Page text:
Take a number of shots using lines to flatten the pictorial space. To avoid the effects of perspective, the sensor/film plane should be parallel to the subject and you may like to try a high viewpoint (i.e. looking down). Modern architecture offers strong lines and dynamic diagonals and zooming in can help to create simpler, more abstract compositions.
Review your shots from both parts of Exercise 1.3. How do different lines relate to the frame? There’s an important difference from the point exercises: a line can leave the frame. For perpendicular lines this doesn’t seem to disrupt the composition too much, but for perspective lines the eye travels quickly along the diagonal and straight out of the picture. It feels uncomfortable because the eye seems to have no way back into the picture except the point it started from. So for photographs containing strong perspective lines or ‘leading lines’, it is important that they head somewhere in the frame.
I had been having some difficulty with finding things to fit this second exercise – On the Isle of Man there is little ‘modern’ architecture’ and the height of buildings is generally low – not to mention anything over two stories usually only goes to three and is a government building – I only have access to one of these which is currently covered in scaffolding so any views are minimal!
I didn’t have much more success in Glasgow in finding subject matter in the area I was in as many of the buildings in the centre are also low and relatively low – I did find one to do a more abstract photo as shown below:
This picture also came out very flat.
I was able to find some high spots in Edinburgh which I visited the following day around the area surrounding the train station at Waverley.
This one was taken from South Bridge and it slightly flattens the lined roofs with the train tracks receding into the distance with the cars on the right appearing much smaller.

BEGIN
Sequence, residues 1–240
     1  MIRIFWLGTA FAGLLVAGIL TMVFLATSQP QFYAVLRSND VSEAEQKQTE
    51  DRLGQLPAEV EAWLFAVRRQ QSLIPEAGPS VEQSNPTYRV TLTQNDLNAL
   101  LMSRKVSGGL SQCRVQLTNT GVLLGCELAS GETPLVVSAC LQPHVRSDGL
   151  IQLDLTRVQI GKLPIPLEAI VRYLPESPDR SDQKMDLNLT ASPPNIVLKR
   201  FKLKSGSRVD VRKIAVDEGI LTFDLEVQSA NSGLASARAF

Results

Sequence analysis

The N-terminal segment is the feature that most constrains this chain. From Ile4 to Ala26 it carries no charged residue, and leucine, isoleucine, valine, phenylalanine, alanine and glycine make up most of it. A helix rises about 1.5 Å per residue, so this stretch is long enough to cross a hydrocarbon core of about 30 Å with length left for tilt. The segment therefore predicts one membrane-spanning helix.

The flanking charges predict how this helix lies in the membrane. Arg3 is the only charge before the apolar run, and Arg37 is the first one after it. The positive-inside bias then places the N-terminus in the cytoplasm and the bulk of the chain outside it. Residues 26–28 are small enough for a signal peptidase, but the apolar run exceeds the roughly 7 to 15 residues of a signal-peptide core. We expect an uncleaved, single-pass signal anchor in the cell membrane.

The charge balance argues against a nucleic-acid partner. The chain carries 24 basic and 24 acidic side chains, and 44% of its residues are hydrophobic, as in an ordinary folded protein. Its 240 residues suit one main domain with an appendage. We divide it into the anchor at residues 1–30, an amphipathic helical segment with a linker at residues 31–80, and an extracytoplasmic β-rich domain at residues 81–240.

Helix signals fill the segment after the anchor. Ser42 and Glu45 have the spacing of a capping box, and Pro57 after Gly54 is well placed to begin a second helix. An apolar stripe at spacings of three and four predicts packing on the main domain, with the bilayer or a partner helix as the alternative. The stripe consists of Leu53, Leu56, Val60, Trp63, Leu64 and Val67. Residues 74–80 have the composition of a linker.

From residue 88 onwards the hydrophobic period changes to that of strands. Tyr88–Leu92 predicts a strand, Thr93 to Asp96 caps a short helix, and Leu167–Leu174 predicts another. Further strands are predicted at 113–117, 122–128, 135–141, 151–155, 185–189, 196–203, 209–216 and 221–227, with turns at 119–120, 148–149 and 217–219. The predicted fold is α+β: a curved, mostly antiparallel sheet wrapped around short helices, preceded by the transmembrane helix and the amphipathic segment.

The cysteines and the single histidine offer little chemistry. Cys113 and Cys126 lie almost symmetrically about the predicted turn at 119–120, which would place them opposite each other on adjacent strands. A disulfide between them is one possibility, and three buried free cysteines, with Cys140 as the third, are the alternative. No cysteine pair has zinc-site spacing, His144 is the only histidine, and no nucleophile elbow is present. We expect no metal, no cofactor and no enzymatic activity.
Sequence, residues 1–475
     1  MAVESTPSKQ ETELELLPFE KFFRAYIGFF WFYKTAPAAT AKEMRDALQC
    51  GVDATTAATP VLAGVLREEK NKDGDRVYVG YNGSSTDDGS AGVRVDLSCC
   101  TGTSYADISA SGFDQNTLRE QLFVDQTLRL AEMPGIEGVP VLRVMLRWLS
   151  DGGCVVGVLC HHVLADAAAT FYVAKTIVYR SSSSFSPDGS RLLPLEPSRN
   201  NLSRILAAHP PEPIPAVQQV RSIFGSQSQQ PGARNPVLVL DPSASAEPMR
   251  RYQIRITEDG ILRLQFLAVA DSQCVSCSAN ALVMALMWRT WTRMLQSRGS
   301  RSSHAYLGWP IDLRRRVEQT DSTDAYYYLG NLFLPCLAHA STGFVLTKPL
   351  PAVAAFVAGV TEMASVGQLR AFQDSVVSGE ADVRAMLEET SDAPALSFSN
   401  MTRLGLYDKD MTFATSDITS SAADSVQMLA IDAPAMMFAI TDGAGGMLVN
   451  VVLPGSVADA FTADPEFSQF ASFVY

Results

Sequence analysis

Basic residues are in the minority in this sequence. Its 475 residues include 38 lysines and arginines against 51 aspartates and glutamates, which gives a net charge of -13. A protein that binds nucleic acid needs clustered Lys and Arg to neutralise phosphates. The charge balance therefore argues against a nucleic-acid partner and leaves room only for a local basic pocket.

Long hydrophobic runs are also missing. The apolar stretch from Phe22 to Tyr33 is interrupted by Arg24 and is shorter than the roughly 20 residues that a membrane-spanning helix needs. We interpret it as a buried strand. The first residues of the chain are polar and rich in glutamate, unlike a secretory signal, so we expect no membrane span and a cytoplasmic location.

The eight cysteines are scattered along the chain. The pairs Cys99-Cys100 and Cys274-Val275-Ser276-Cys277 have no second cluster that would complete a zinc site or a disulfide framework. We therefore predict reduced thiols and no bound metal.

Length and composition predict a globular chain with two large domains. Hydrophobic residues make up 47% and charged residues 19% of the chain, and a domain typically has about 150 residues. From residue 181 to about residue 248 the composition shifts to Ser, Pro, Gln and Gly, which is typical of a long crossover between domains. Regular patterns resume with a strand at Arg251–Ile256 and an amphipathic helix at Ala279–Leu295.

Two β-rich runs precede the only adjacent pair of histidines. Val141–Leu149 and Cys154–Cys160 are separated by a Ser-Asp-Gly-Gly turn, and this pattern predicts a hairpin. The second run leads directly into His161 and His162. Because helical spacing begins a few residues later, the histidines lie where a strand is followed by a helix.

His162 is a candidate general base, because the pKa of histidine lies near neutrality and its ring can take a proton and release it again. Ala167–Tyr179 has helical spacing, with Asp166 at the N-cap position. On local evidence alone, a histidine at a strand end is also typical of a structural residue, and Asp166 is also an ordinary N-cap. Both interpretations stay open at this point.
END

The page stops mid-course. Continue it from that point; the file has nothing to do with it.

This photo was taken from the opposite direction and showed trains leaving the station with the lines running into the platforms. Again I was probably not high enough to truly show a ‘flat’ picture.
I was aware that opportunities back on the Isle of Man for this type of photo were even less likely as there are no buildings over about 3 stories and I was unlikely to be able to access these. However, I was flying from Glasgow back to the island on the Monday so tried to take photos out of the plane window that would meet the requirements of this exercise. As I was taking these through glass without the benefit of a filter they are not always completely sharp.
I felt this photo was in many respects similar to the photo by Atget (Badger, 2001: p.83) I referred to at the end of the first part of this exercise in that it gave spatial depth with the river flowing out of the photo. Diprose and Robins (2012, p. 303) state that a lead in line going to the corner of the frame can be particularly strong as is the case in this photo. The bridge and cars are somewhat flattened due to the plane’s height.
In terms of getting a flatter affect I felt this was probably the most successful and is of Glasgow from the air – the houses look the little boxes on the ground – the photo also has the lead in line to the centre of the picture.
This again was Glasgow from the air and showed some leading lines – however the motorway going out of the picture is unsettling as it seems to go nowhere.
This appeared to be an old quarry and it was the circular line around it that attracted my attention – however again it meant that the eye tended to go round in circles without stopping.
One of the photos from the air which has a good flattening effect is as the waves which,in the photo appear very textured, divide around the point of Ayr at the northern tip of the Isle of Man. While this area is generally quite flat anyway there are some high shingle dunes and 3 lighthouses in the area which don’t appear on the photo.
This photo is of Peel Castle on the island from the air. Unfortunately being in a plane made it impossible to take the angle with the causeway as a lead in line from the front.
However I have also taken one from the ground with the lead in line to the castle:
I think these two photos do illustrate the difference that I was trying to achieve with the two exercises – this second photo shows the depth that can be created by lines whereas the aerial shot is far flatter.
The first exercise does show how the photographer can create depth by the use of lines and perspective while the second exercise was demonstrating how lines can also flatten a picture either by focussing on the abstract or by taking the photo from a height.